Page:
How the Australian High Court Came to be Nauru’s Court of Appeal: A History

The decision of Nauru to bring to an end its relationship with Australia’s High Court, as the ultimate appeals authority for a limited class of cases, marks the end of a 50 year history in which Nauru made strenuous efforts to have access to the Court, only to suffer tepid and lukewarm acceptance, and delays (and on one occasion, defeat) in achieving its aim of having  access to an appeals court of sufficient stature to instil confidence in the judicial proceedings of a small, fledgling nation.

The ten year history of negotiations for an appeals court is detailed in a series of volumes held in the National Archives of Australia. This history is drawn from that rich vein of material. Continue reading “How the Australian High Court Came to be Nauru’s Court of Appeal: A History”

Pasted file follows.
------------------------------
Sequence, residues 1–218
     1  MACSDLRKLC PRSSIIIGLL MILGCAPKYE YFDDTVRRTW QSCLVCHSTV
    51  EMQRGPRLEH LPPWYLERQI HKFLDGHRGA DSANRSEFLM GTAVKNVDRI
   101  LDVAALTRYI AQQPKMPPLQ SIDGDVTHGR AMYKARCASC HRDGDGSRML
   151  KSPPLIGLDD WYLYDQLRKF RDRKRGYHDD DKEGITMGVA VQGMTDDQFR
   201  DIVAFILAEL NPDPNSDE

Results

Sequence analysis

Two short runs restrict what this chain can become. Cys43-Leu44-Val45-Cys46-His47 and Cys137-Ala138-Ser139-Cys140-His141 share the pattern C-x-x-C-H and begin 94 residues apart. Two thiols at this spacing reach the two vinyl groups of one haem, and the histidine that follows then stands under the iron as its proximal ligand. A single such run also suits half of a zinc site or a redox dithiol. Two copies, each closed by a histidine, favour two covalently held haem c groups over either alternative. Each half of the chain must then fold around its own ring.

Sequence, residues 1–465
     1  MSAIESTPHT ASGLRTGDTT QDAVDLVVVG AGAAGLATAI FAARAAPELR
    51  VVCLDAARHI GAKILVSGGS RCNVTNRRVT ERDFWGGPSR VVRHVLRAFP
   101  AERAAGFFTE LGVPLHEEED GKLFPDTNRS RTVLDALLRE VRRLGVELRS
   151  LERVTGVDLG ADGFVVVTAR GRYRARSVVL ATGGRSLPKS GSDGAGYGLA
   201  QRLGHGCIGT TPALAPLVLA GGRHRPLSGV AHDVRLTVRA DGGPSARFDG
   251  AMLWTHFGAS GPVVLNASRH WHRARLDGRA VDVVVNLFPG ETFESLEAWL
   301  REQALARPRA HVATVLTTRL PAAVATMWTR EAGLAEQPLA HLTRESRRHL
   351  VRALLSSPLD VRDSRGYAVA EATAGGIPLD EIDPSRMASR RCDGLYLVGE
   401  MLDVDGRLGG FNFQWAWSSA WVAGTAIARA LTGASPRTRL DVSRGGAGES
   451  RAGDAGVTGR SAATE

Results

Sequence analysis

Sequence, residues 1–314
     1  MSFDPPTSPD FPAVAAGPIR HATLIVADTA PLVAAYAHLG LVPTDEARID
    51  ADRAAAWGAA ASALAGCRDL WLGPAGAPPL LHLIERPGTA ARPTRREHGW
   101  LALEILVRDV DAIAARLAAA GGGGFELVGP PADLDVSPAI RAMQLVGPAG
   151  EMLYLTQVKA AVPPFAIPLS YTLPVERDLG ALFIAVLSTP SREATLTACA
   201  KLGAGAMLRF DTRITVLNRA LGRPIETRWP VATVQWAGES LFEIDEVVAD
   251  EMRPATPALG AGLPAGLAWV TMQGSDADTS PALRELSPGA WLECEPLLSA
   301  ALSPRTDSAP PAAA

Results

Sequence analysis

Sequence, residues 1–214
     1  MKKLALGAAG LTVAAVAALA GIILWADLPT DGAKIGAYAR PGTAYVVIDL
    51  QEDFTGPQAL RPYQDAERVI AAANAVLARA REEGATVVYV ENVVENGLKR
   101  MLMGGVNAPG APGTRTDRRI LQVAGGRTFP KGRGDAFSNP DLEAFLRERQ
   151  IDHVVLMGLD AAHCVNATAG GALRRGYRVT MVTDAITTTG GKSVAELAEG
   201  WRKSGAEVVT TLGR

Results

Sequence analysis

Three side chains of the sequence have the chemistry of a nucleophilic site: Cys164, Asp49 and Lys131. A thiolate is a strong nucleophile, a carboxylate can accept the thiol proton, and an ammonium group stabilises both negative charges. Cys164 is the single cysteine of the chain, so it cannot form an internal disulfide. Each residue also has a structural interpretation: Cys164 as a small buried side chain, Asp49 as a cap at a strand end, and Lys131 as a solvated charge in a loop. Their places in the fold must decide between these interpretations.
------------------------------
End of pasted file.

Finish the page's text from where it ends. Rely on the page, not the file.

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Numbers of Ministerial Staff in Australia – As at April 2018

Numbers of Ministerial staff drawn from the most recent, most authoritative source publicly available

Numbers reflect what is reported as ministerial staff in each jurisdiction: so if personal support staff, such as administrative assistants or drivers, have been reported, these are included in the figures).

  • Number of Ministers and Office Holders are those numbers reported against staff numbers, where available.
  • Victoria does not have a regular reporting regime for ministerial staff numbers, so I’m still reliant on the numbers in a 2015 FOI return
  • NSW last reported its figures in June 2017, failing to report the figures at 30 December 2017.